Throughout the Noury trial and in the various conferences, it has been stated repeatedly that such “firm support” was alone sufficient to secure a death sentence for any political prisoner. As a result, entire political wards were reportedly emptied by death commissions in various prisons. On Wednesday, Mohammad Zand testified that he was sent to solitary confinement for three months in the middle of the massacre and when released, asked an inmate from another ward how many of his fellow detainees were left.

“As far as I know, you’re the last one,” he was told. Zand reported that prior to his solitary confinement, there had been between 160 and 170 prisoners in his ward.

In separate comments published on the NCRI’s website, another survivor of the massacre named Mahmoud Royaei, who has since published five books on the topic, emphasizing that the clean sweep of certain wards meant that there were no survivors to give accounts of the massacre from certain regions. This, he said, left open the possibility that the current estimate of 30,000 victims may be an undercount.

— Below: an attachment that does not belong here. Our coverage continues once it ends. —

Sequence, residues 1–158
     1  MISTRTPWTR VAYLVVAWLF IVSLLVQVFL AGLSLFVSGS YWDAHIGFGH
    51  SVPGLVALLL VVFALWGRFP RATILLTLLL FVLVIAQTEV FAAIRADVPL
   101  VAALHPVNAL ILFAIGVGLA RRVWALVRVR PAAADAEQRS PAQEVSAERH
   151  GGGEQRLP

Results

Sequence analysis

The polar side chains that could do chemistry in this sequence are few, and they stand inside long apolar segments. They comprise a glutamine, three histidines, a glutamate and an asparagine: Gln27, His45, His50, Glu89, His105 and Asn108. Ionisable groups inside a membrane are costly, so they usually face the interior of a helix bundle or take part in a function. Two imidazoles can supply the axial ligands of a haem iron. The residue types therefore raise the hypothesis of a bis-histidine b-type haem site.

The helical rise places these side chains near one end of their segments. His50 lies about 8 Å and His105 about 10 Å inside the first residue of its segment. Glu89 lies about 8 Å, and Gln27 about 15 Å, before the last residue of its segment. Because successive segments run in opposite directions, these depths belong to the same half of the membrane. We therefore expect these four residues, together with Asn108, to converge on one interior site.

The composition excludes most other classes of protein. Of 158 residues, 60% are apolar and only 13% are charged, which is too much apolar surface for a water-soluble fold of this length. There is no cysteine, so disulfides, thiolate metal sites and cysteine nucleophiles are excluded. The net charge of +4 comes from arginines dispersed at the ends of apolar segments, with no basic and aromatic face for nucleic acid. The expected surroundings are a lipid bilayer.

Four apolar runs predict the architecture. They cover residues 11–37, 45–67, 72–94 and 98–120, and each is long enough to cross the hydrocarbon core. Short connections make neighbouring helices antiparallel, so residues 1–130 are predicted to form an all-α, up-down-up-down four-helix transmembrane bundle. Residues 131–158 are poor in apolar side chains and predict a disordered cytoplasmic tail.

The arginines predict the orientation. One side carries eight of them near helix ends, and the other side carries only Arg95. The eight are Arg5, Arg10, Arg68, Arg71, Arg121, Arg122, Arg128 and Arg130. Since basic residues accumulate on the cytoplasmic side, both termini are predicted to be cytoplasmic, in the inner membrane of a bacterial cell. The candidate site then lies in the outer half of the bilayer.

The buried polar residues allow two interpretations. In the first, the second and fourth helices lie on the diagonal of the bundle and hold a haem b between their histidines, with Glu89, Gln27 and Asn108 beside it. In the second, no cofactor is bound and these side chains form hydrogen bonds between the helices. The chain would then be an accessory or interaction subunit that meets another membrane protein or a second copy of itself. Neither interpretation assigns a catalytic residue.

The MEK, NCRI, and other concerned parties have long advocated for a formal international investigation into the 1988 massacre, in order to establish its true scale, details of the accompanying abuses, and the location of victims’ bodies. Many of those victims were promptly interred in secret mass graves, and in recent years the Iranian regime has undertaken extensive efforts to destroy and build upon those sites, as part of an effort to downplay the massacre and impede any future investigation.

While these efforts have been a source of despair for many victims’ advocates, the Noury trial has been embraced as a possible sign of newfound political will on the part of some Western powers that are in a position to spearhead an investigation. The particular circumstances of the trial suggest that “universal jurisdiction,” the principle behind Noury’s prosecution, should also be used to arrest the regime’s president Ebrahim Raisi if he travels to certain foreign countries.